Three Students Secure Chocolate Passport Grants
Three St. Lawrence students have secured Chocolate Passport grant funding to support projects examining sustainable cacao agroforestry, consumer responsibility, and medicinal and pharmaceutical uses of cacao.
All funded activities will focus on the education of chocolate as a unifying element to bridge connectivity and inclusiveness among the campus community. Students with an interest in conducting related research, including independent study or SYE courses, completing group projects and club-related projects, or developing creative projects were able to apply for funding.
Alexis Parent '25
Sustainable Cacao Agroforestry
Alexis is developing a research paper and poster campaign regarding the process of cacao production and its connection to the various interconnected parts of the cacao industry. The project will focus on better supporting cacao farmers and sustainable farming practices by buying bean to bar chocolate, understanding how chocolate companies take care to fairly work with the farmers, and emphasizing quality, sustainability, and transparency. Through communicating project findings to the St. Lawrence community during the Chocolate Festival this May, Alexis hopes to educate the surrounding community in an accessible manner.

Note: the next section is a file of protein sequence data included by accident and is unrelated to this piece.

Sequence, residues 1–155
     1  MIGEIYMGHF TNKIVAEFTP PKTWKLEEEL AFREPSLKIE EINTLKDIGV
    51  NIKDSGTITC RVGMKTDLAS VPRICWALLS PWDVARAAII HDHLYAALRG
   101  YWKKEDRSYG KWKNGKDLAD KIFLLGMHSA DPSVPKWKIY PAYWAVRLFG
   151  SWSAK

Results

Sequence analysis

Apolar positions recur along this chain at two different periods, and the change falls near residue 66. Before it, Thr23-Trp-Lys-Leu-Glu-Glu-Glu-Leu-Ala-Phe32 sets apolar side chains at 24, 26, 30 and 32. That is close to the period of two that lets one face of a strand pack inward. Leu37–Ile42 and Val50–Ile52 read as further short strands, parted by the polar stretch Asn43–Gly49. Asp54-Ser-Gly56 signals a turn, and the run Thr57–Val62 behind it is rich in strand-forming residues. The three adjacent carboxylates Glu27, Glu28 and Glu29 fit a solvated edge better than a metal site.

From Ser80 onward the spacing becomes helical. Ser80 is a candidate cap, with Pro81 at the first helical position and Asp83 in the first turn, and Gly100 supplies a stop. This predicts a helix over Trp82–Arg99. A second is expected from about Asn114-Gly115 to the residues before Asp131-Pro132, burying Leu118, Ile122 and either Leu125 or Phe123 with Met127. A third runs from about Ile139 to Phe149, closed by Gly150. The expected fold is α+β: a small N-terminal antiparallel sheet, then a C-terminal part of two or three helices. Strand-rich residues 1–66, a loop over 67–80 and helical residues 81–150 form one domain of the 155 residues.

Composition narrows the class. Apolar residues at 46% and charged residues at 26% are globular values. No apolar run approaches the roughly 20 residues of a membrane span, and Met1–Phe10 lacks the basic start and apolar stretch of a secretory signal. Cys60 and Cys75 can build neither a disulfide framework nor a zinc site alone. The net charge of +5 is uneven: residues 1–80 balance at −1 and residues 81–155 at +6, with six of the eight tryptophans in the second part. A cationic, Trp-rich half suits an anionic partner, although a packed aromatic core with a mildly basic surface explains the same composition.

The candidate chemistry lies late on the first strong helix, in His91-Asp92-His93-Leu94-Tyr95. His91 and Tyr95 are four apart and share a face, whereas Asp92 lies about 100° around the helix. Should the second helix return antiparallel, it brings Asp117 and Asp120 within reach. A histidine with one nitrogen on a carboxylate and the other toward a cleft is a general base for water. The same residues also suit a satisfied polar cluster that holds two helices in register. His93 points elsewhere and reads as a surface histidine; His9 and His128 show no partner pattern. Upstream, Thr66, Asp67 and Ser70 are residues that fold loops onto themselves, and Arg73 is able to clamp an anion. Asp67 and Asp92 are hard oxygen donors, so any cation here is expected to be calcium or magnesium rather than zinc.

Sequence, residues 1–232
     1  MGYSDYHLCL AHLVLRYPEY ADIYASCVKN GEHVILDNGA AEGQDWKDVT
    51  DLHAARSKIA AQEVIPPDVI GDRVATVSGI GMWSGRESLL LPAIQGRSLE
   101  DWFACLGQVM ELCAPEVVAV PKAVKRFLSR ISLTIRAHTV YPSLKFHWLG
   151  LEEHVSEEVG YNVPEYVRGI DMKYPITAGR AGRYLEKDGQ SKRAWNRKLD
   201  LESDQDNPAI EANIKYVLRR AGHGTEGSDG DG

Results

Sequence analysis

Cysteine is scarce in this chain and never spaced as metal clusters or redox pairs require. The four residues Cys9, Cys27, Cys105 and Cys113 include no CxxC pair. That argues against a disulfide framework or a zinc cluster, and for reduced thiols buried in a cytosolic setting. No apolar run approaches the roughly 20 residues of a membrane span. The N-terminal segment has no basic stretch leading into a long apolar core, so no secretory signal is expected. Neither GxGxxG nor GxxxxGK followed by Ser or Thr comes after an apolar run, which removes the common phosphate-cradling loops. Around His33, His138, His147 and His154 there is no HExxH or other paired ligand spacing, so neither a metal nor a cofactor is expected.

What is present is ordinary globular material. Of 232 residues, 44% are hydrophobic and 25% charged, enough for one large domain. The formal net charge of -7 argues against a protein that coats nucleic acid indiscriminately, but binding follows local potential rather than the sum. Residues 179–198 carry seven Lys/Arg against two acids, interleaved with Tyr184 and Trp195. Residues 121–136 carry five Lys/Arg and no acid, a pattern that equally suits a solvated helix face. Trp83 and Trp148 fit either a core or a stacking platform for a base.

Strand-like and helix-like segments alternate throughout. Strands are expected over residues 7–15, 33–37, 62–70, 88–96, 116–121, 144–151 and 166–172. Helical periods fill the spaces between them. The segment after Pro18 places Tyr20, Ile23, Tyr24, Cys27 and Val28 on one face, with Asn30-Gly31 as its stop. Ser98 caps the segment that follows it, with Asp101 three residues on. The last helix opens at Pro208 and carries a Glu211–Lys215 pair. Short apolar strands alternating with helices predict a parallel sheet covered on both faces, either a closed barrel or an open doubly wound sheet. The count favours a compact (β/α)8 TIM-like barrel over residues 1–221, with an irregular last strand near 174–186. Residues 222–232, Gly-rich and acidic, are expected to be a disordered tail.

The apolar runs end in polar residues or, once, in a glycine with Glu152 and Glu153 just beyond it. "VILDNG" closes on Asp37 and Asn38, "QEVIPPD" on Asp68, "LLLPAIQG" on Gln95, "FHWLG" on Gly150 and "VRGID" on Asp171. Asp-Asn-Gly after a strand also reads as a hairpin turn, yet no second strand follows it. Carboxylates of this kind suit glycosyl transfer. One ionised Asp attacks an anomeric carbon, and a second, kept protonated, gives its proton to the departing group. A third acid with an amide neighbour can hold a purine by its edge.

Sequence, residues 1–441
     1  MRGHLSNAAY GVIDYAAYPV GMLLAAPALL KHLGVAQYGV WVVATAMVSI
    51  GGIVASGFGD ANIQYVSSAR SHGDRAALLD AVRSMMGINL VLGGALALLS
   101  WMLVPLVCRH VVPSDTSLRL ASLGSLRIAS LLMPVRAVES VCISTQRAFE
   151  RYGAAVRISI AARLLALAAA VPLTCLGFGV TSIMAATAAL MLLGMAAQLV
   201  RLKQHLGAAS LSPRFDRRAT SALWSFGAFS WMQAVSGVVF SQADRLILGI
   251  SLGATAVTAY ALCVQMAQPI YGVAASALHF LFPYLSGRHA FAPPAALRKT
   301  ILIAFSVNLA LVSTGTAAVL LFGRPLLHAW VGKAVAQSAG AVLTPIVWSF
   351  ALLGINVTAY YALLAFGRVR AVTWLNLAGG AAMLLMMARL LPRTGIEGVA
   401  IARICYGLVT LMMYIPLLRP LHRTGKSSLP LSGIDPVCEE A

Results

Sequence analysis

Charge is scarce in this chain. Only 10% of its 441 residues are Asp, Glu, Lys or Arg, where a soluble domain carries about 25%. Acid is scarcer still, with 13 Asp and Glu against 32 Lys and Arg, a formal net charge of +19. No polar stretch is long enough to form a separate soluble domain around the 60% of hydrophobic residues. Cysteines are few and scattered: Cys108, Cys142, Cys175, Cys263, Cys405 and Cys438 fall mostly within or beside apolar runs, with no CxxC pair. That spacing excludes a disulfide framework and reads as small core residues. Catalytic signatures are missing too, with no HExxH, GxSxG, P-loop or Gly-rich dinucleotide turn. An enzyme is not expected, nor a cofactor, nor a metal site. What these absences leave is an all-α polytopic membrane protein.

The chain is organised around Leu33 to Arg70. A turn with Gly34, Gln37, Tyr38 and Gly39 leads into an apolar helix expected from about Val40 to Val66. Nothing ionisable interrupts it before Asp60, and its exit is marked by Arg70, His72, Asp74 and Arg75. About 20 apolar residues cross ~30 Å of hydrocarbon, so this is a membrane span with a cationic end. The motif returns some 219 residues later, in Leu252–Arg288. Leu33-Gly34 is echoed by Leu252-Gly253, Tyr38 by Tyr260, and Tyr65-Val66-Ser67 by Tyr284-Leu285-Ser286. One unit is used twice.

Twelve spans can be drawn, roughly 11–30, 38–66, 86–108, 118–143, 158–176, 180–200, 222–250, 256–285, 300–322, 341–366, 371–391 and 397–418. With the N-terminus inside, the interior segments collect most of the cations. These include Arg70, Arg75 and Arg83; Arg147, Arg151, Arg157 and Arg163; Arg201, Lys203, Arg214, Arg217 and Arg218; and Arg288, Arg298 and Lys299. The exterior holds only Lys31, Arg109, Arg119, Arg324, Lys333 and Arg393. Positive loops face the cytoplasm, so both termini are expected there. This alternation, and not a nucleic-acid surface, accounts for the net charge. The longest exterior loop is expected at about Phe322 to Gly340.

Faith Olusegun '25
Internship with 57 Chocolate, Ghana
Faith's project centers around volunteering with the '57 Chocolate Company located in East Legon, Ghana for 30 hours during the summer. The luxury brand company is run by sisters, Kimberly and Priscilla Addison. In volunteering with this company, Faith hopes to connect the St. Lawrence University and surrounding communities with the inherent consumer responsibility in purchasing ethical chocolate, as well as the technical information about making chocolate through a presentation and Hill News article.
Emily Felton '25
Chocolate on the Brain
Emily is examining the medicinal and pharmaceutical uses of cacao by exploring how it affects people's moods and how it can be used in treatment as an antioxidant and a mood enhancer.
The Chocolate Passport Project is a unique interdisciplinary educational and experiential course of study that will address the traditional, spiritual, and medicinal uses of Theobroma cacao, its agricultural production, the global market for chocolate, ethics, and sustainability of this market, culinary uses of chocolate, the chemistry of chocolate, and its role in the art of all cultures.
This project is made possible thanks to a generous Forrest E. Mars, Jr. Chocolate History Research Grant from Mars Wrigley.